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Learn the tax benefits of a Flexible-benefits Plan
Flexible-benefits Plan (FBP) is an employee benefits plan which helps the employees’ to save considerable amount of taxes by paying certain expenses from their pre-tax income. Some of the eligible expenses from pre-tax income are medical, vision, dental, elder care, and dependent care. All state employees who get a regular paycheck are entitled to participate in the flexible-benefits plan.
Flexible-benefits Plan mainly boasts three components:
- Health Flexible Spending Account (HFSA)
- Dependent Care Reimbursement Account (DCRA)
- Health insurance premium deduction
Flexible-benefits Plan’s reimbursements are made occasionally, mostly once in a week. You will receive statements which helps you to keep updated on your account. Quick information about your account can be accessed with the help of customer service line or email.
Due to the program’s tax exempt features, the federal government strictly regulates the Flexible-benefits Plan. FBPs are regulated by sections 125 and 129 of the Internal Revenue Code (IRC). Hence it is advisable to review the IRS rules before you enroll. If you wish to enroll in the FBP, then it is better from your part to discuss how the program may benefit you with your financial planner or tax advisor.
Flexible-benefits Plan (FBP) is an employee benefits plan which helps the employees’ to save considerable amount of taxes by paying certain expenses from their pre-tax income.
How does a Flexible-benefits Plan work?
On enrolling in a flexible-benefits plan you first have to decide how much amount you need to earmark for your Dependent Care Reimbursement Account and/or Health Flexible Spending Account. After you have fixed a particular amount for your account, your employer will deduct the amount every month from your salary for the flexible-benefits plan. The deducted amount will be immediately credited to your accounts you have already specified.
Whenever you had met with an eligible expense, you can submit a claim for reimbursement. While submitting a claim, make sure that you have provided all necessary documents supporting your claim. Reimbursements are generally made weekly.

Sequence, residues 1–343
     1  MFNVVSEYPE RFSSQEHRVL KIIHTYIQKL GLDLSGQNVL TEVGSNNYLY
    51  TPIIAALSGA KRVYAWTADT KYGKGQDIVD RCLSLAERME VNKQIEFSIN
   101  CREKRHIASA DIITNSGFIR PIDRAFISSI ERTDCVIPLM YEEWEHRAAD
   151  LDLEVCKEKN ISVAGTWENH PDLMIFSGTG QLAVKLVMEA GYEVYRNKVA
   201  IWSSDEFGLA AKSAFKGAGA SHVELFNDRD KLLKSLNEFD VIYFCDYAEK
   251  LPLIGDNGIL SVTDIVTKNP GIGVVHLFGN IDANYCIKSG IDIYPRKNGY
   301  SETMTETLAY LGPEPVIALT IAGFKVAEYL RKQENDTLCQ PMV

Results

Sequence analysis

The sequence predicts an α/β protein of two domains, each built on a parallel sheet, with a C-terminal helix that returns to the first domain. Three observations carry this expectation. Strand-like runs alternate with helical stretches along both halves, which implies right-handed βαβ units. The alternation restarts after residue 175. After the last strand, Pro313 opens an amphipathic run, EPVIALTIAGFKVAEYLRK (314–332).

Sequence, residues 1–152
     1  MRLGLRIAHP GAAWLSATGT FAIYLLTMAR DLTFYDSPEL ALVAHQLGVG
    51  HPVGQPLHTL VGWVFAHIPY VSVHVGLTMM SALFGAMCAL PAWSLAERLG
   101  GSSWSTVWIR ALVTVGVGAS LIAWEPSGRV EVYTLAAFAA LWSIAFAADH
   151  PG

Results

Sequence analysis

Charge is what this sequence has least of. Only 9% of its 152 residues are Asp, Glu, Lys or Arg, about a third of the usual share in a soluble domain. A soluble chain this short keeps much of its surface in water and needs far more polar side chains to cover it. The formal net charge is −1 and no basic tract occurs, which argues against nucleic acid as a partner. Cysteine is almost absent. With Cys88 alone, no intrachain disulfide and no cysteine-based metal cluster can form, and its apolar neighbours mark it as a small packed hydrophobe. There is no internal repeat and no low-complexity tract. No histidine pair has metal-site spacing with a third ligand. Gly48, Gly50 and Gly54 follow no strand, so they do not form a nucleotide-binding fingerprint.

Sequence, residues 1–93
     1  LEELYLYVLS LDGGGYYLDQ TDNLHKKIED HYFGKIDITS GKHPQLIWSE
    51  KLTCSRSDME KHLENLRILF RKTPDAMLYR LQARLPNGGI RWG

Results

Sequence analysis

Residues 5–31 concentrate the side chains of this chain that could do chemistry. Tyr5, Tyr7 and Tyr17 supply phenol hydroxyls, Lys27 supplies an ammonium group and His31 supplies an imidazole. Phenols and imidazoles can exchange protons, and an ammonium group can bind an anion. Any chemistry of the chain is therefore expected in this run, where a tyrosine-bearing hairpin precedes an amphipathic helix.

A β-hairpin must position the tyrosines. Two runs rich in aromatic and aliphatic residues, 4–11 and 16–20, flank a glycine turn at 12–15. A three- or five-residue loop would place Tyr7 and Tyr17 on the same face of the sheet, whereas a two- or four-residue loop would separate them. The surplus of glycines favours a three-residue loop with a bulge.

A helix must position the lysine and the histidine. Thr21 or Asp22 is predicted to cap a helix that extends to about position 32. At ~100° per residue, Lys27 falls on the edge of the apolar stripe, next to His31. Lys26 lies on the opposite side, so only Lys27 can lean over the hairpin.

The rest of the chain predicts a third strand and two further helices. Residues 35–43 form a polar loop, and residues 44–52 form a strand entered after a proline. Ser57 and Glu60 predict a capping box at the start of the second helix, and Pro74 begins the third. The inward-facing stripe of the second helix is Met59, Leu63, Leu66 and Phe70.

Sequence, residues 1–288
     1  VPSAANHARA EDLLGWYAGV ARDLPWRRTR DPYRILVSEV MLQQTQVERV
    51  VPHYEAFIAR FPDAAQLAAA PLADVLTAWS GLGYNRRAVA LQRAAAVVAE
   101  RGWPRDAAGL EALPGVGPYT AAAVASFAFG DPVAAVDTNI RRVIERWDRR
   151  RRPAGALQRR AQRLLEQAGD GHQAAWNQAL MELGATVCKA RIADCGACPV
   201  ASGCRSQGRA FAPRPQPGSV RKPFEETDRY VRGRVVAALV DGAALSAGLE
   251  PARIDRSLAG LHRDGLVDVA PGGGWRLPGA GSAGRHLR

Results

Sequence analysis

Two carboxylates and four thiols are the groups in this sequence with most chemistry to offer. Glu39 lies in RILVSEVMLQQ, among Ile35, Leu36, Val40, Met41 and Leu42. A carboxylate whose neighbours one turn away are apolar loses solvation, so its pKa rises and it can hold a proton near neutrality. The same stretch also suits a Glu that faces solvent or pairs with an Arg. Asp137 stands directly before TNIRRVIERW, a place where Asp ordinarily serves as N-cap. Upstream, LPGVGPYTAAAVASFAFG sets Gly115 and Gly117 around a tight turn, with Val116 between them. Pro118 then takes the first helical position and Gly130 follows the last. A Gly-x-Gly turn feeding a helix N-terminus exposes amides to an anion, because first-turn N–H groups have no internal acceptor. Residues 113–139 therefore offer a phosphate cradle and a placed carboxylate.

– Health Flexible Spending Account (HFSA)
While submitting a claim for reimbursement, first submit all your health care claims according to your health care plan. If there is any amount which is not covered according to your health care plan, you can claim those amounts for reimbursement with your Health Flexible Spending Account. While submitting a claim, make sure that you have provided a copy of an Explanation of Benefits (EOB) or your receipt together with your Flexible-benefits Plan Reimbursement Request.
– Dependent Care Reimbursement Account (DCRA)
You can submit a claim for your dependent care expenses by providing a copy of your receipt to a complete Flexible-Benefits Plan Reimbursement Request. You can also provide a complete Reimbursement Request signed by your dependent care provider.
Monitoring your account
It is advisable to keep a close eye on your account every time you make a claim or when ever you get a Flexible-Benefits Plan reimbursement check. Generally you will also obtain an Explanation of Benefits which displays your up-to-date details of deposits, the claims you had submitted, the claims you were paid, and the remaining amount you have in your account.
Besides this, you will be provided with an Account Status Report, in most cases three months before the end of your Flexible-Benefits Plan year. The report displays your total accounts and reminds you to submit any outstanding claims. This helps you to avoid any forfeiture.
According to the IRS regulations, you need to forfeit any unspent funds in your Flexible-Benefits Plan at the end of each plan year. Hence you must be very careful to plan your contributions and to make sure you have submitted request for all eligible reimbursements. Also make sure that you have submitted your request with all documentary proof. Keep in mind that it is always better to underestimate your eligible expenses than to overestimate them and risk forfeiture.